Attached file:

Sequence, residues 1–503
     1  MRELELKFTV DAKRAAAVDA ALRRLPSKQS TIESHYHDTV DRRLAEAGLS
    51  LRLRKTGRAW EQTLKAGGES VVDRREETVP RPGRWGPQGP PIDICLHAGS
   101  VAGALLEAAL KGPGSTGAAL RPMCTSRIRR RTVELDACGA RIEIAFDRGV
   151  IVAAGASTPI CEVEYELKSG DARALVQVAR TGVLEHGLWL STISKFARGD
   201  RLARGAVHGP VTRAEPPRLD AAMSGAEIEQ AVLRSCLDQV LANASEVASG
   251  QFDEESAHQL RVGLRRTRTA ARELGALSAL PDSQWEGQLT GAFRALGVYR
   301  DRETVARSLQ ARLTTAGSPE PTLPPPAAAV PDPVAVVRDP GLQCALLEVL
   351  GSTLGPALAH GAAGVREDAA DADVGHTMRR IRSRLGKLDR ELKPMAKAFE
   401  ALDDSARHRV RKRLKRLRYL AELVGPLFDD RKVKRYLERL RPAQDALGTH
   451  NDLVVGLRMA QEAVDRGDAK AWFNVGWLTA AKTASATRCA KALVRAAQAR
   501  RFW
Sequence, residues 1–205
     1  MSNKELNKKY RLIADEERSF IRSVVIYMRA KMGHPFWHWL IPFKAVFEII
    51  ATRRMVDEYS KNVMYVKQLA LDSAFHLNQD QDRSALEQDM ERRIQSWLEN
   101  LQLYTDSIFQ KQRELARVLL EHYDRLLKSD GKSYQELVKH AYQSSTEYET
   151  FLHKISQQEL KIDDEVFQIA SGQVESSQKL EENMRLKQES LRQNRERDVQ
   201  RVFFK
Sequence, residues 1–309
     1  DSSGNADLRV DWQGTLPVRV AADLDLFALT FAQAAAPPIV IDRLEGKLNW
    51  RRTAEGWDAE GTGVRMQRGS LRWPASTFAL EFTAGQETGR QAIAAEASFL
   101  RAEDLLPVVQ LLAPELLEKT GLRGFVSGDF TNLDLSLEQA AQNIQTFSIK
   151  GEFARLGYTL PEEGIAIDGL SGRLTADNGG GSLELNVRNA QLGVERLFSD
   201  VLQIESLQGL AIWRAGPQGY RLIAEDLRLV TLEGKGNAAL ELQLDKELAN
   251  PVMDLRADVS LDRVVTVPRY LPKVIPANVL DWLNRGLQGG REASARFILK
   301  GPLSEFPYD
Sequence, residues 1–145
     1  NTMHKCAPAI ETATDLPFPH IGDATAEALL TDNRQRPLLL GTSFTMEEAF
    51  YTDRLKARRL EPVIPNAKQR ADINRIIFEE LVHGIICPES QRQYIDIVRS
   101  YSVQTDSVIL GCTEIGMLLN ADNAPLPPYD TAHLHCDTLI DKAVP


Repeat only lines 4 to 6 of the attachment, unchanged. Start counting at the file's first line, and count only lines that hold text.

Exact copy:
   101  VAGALLEAAL KGPGSTGAAL RPMCTSRIRR RTVELDACGA RIEIAFDRGV
   151  IVAAGASTPI CEVEYELKSG DARALVQVAR TGVLEHGLWL STISKFARGD
   201  RLARGAVHGP VTRAEPPRLD AAMSGAEIEQ AVLRSCLDQV LANASEVASG